Osteopontin: regulation in tumor metastasis

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Abstract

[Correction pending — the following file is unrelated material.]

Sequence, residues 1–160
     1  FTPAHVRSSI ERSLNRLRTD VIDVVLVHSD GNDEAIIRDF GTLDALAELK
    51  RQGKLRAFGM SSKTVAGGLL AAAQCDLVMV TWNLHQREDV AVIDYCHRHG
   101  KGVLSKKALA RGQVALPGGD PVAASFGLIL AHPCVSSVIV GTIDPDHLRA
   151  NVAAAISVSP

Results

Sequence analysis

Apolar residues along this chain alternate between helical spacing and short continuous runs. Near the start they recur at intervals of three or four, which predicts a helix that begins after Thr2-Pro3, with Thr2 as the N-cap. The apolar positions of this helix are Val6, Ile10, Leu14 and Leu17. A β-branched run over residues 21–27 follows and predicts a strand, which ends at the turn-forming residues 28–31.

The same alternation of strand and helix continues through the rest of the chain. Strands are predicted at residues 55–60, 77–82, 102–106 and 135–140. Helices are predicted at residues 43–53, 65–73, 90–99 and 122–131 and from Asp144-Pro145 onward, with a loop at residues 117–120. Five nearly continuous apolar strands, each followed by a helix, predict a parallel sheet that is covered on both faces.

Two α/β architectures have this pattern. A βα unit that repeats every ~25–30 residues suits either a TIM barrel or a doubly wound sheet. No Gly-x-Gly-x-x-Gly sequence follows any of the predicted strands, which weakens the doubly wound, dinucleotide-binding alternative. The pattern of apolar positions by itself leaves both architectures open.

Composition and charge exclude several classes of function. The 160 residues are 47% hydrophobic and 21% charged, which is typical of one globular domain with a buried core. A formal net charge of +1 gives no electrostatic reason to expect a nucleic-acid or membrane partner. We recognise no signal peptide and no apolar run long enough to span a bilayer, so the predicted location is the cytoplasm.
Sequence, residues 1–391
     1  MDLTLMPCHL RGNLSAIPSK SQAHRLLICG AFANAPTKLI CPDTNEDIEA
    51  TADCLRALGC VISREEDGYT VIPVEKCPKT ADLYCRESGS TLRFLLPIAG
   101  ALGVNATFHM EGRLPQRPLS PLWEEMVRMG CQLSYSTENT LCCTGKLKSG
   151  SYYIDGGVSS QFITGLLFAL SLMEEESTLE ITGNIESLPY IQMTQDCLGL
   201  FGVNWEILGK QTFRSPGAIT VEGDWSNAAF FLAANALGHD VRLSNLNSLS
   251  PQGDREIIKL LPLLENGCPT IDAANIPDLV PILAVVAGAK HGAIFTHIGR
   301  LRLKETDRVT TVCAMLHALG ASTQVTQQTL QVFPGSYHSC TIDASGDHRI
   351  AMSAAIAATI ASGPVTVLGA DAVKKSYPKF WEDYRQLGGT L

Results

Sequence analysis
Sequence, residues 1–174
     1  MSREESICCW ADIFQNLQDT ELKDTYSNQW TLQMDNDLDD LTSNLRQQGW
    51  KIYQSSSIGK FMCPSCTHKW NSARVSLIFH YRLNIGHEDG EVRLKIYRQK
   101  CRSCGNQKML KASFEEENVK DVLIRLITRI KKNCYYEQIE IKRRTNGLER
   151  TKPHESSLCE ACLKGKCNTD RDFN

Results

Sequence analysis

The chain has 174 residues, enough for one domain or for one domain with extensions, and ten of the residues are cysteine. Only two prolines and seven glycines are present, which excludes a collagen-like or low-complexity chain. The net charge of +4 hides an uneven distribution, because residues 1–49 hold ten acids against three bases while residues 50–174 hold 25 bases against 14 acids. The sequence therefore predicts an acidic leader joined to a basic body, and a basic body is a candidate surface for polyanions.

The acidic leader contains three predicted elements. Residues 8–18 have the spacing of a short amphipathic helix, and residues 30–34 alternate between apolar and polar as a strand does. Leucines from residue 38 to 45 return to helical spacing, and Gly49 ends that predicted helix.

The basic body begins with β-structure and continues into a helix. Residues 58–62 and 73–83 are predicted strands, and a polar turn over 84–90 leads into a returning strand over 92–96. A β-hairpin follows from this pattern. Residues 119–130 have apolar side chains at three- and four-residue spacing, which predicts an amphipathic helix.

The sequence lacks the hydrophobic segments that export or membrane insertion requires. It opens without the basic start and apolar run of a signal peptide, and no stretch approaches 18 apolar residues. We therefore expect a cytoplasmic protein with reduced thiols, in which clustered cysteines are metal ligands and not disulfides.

Osteopontin is a secreted phosphoprotein that has been implicated as an important mediator of tumor metastasis and has been investigated for use as a biomarker for advanced disease and as a potential therapeutic target in the regulation of cancer metastasis. The OPN DNA sequence is highly conserved and the protein contains several important functional domains including αvβ integrin and CD44 binding sites. High levels of OPN expression correlate with tumor invasion, progression or metastasis in multiple cancer. Studies demonstrate that osteopontin mediates the molecular mechanisms which determine metastatic spread, such as prevention of apoptosis, extracellular matrix proteolysis and remodeling, cell migration, evasion of host-immune cells and neovascularization. Transcriptional regulation of OPN is complex and involves multiple pathways, including AP-1, Myc, v-Src, Runx/CBF, TGF-B/BMPs/Smad/Hox, and Wnt/ß–catenin/APC/GSK–3ß/Tcf-4. The current state of knowledge of OPN biology suggests that it is an attractive target for therapeutic modulation of metastatic disease.

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